During a dull Wednesday afternoon this week there was a bright spot on High Street as organisers officially launched the 2019 Peter Allen Festival, but you might need to be quick to snare tickets.
The festival's Vince Sherry said all 1200 entries to ticketed events last year were sold out six weeks ahead, and this year's 2500 tickets are expected to go as fast. Local accommodation houses are filling up, but those lucky enough to already live here are being encouraged to spread the word.
"We have a limited budget, so we have to make the money work for us," Mr Sherry said.
"We're looking for as much public PR as we can."
Doing more than his bit is Boy from Oz Todd McKenny, who happened to visit the Tenterfield Saddler on the way through town a couple of weeks before last year's inaugural festival. He went on to spruike the event on Nine morning TV, giving it great exposure.
Mr Sherry said they've been in contact with Mr McKenny's management and he's keen to be involved in one of the festivals, probably not this year but the organising committee is hopeful of him being a key attraction of the 2020 festival.
Council estimates that last year's festival injected around $300,000 into the local economy over the three days. This year the festival will run over four days, September 5-8, and is expected to draw in 3000-4000 visitors and double last year's economic boost.
"The possibilities and potential of this event are enormous," Mr Sherry said, especially as this is bringing in 'outside' money to a community struggling in drought.
He urged local businesses to support the festival by dressing up shopfronts and getting behind the festival organisers, who are working tirelessly on a huge program.
The Tilma Group, known for devising the Tenterfield True brand, is handling promotion for the festival. Principal Linda Tillman said we just have to give people a reason to come to Tenterfield, and they're sure to return (if they ever leave).
"But festivals are hard work, and need so much community support."
She said this festival is really exciting and it's going to grow, and people should be proud the tickets sold out in the first year. She cautioned, however, about getting too big too fast.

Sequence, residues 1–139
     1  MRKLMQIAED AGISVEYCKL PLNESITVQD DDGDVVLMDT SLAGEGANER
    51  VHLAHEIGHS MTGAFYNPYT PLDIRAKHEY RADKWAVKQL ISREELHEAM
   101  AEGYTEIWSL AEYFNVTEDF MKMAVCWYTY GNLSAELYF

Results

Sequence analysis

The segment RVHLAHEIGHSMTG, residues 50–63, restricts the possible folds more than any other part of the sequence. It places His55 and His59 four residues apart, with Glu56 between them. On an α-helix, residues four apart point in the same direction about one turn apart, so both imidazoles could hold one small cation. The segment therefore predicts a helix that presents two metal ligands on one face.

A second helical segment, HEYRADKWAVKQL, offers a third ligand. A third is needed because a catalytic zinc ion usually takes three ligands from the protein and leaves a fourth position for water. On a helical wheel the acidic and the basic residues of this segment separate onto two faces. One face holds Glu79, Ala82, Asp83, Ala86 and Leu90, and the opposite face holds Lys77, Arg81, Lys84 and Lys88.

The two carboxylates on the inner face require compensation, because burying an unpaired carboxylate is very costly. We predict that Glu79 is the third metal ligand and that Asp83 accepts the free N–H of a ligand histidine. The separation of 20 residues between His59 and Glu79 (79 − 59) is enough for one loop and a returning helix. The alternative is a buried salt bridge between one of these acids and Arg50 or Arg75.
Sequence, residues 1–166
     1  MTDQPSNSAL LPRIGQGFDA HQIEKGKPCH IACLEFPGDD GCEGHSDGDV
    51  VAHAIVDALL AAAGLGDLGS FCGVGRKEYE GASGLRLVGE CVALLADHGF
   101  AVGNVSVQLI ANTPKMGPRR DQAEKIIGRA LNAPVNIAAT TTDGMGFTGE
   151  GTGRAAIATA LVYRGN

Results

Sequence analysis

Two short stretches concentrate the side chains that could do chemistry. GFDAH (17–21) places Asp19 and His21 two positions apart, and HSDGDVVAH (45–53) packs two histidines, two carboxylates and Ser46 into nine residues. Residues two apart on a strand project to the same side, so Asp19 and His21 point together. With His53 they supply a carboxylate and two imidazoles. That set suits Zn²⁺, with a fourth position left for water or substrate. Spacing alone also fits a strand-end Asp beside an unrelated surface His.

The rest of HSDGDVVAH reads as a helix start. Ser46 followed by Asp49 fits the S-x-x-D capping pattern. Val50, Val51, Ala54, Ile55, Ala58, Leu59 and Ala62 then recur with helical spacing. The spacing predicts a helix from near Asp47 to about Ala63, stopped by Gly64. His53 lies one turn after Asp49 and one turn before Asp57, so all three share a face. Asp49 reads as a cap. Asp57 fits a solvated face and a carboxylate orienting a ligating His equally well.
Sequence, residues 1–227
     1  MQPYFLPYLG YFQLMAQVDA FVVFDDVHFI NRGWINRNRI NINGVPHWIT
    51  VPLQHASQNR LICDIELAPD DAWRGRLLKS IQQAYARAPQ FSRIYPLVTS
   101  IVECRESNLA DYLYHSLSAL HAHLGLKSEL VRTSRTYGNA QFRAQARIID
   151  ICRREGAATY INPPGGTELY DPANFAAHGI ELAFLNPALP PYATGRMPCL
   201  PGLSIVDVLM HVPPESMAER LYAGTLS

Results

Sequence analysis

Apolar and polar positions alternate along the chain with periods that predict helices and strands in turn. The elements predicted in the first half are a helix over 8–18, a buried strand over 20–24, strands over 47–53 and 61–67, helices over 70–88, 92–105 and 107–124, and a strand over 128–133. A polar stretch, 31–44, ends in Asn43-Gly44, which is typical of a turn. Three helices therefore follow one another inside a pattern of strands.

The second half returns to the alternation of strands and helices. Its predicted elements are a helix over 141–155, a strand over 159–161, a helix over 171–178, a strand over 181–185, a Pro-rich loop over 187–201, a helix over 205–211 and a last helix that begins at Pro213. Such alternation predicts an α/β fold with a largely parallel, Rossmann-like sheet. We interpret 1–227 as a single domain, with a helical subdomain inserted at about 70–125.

"People say, 'We want it to be as big as the Parkes Festival'. You will be," she said.
"But grow organically. (At this stage) keep the festival nice and small and humble, and 'true'."
The Tilma Group will be promoting the festival in target markets through an integrated campaign of television, print, radio and social media ads, and these will start rolling out now.
They have created a marketing package including photos, video and stories available to anyone, to make it easy for groups and individuals to promote the festival through their own connections.
"Please do what you can to spread the word," she said.
She and her colleagues are attempting to secure corporate sponsorship for the festival, to relieve the load of local businesses. She said this has been a tough ask given the young age of the festival, when these corporations want to see big numbers for their investment.
'Aligned' companies like Blundstone, Lowes and Akubra have been approached, and Ms Tillman said all gave their time for meetings and were interested, and opportunities remain to reconsider their involvement in the future.
"We're building good relationships," she said, with some negotiations still underway.
In the meantime festival organisers are pursuing a crowd-funding initiative, with more details in coming weeks.
Those who can contribute their time as a volunteer to help out in the lead-up to the festival or on the weekend itself can register their interest through the website or, as the time approaches, at a desk at the Tenterfield Visitor Information Centre. Mr Sherry promised that they won't be expected to shoulder a huge workload.
Market stall holders and musicians and performers can also register their interest this way.
If you couldn't make it on Wednesday night, here's the full presentation....